Women have been a lot less visible in this UK general election campaign – why?
Every general election is haunted by the ghosts of campaigns past.
The most significant spectre in 2019 has to be Nancy Astor, who on December 1 1919 was the first woman to take her seat in the House of Commons as an elected member of the UK parliament – and to whom a statue was unveiled in Plymouth on November 28, the anniversary of her election.
One wonders what she would make of the gender politics of this campaign.
The omens were not good from the outset. The prime minister was criticised for his sexist phraseology, separately describing Jeremy Corbyn as “a big girl’s blouse” and David Cameron as “a girly swot”.
Meanwhile, Alun Cairns resigned as Welsh secretary after allegations emerged that he knew of an aide’s role in sabotaging a rape trial.
He has vowed to “clear his name”. Alarm has also grown about the horrific abuse women MPs, particularly those of colour, suffer online and in the streets.
In a speech this week at the unveiling of Astor’s statue, Theresa May, the former prime minister, voiced concern that the decisions by several influential female parliamentarians not to seek re-election were linked to the growing toxicity of public life.
The media play a vital role in promoting gender equality in politics and challenging discriminatory practices and discourses.
This was a cornerstone of Liberal Democrat leader Jo Swinson’s failed legal challenge against ITV for excluding her from the televised Leaders’ Debate on 19 November.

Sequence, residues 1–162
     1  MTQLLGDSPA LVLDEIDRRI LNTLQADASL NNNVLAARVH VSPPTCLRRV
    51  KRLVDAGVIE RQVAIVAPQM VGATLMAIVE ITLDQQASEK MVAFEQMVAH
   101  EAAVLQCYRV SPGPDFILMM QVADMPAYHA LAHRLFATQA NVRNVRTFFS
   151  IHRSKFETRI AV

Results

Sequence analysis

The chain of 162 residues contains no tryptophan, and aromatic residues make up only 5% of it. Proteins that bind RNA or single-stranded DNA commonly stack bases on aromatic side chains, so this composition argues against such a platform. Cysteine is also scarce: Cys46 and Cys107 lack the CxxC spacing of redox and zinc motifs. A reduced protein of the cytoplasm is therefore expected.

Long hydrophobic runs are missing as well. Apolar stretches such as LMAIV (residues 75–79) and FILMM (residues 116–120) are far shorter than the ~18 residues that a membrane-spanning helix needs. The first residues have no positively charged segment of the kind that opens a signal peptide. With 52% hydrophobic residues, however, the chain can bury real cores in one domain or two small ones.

Party considerations aside, she argued the broadcaster’s decision reduced significantly the visibility of a female political leader as a role model for young girls and women.
As Marian Wright Edelman once said about the need for positive and diverse female representation: ‘You can’t be what you can’t see’.
Loughborough University has been monitoring the gendered aspects of the reporting of the 2019 campaign as part of its wider “real time” audit of mainstream news coverage. The most basic but significant aspect of this has been to quantify how often women are reported and quoted in election reporting.
As we show in our latest report, in the 2015 general election, women political candidates and campaigners accounted for only 15% of all appearances in the media. This rose to 39% in 2017. In the 2019 campaign so far, and with a record number of women standing for parliament, female appearances have nearly halved to 20%.
Visiting Fellow in Qualitative Research Jackie Goode and Professor David Deacon discuss the findings featured in the third of four reports by Loughborough University’s Centre for Research in Communication and Culture (CRCC) analysing media coverage of the General Election in the Conversation. Read the full article here.
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